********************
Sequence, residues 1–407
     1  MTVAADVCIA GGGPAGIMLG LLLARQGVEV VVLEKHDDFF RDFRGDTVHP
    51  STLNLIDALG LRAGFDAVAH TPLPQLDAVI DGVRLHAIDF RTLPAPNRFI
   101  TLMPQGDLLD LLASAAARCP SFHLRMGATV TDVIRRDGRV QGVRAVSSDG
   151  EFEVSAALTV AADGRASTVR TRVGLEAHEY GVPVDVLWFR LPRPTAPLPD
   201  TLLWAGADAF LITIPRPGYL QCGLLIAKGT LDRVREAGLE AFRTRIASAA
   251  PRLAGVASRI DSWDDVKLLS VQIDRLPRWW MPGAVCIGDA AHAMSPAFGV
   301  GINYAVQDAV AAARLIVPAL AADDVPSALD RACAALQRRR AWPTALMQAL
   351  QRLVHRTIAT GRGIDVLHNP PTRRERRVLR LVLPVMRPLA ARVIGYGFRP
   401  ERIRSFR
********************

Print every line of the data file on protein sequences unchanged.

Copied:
Sequence, residues 1–407
     1  MTVAADVCIA GGGPAGIMLG LLLARQGVEV VVLEKHDDFF RDFRGDTVHP
    51  STLNLIDALG LRAGFDAVAH TPLPQLDAVI DGVRLHAIDF RTLPAPNRFI
   101  TLMPQGDLLD LLASAAARCP SFHLRMGATV TDVIRRDGRV QGVRAVSSDG
   151  EFEVSAALTV AADGRASTVR TRVGLEAHEY GVPVDVLWFR LPRPTAPLPD
   201  TLLWAGADAF LITIPRPGYL QCGLLIAKGT LDRVREAGLE AFRTRIASAA
   251  PRLAGVASRI DSWDDVKLLS VQIDRLPRWW MPGAVCIGDA AHAMSPAFGV
   301  GINYAVQDAV AAARLIVPAL AADDVPSALD RACAALQRRR AWPTALMQAL
   351  QRLVHRTIAT GRGIDVLHNP PTRRERRVLR LVLPVMRPLA ARVIGYGFRP
   401  ERIRSFR